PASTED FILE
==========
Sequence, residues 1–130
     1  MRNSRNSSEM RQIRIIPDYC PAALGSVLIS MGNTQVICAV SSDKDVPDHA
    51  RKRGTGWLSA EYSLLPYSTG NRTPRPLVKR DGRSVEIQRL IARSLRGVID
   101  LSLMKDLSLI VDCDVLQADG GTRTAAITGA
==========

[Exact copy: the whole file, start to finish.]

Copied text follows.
Sequence, residues 1–130
     1  MRNSRNSSEM RQIRIIPDYC PAALGSVLIS MGNTQVICAV SSDKDVPDHA
    51  RKRGTGWLSA EYSLLPYSTG NRTPRPLVKR DGRSVEIQRL IARSLRGVID
   101  LSLMKDLSLI VDCDVLQADG GTRTAAITGA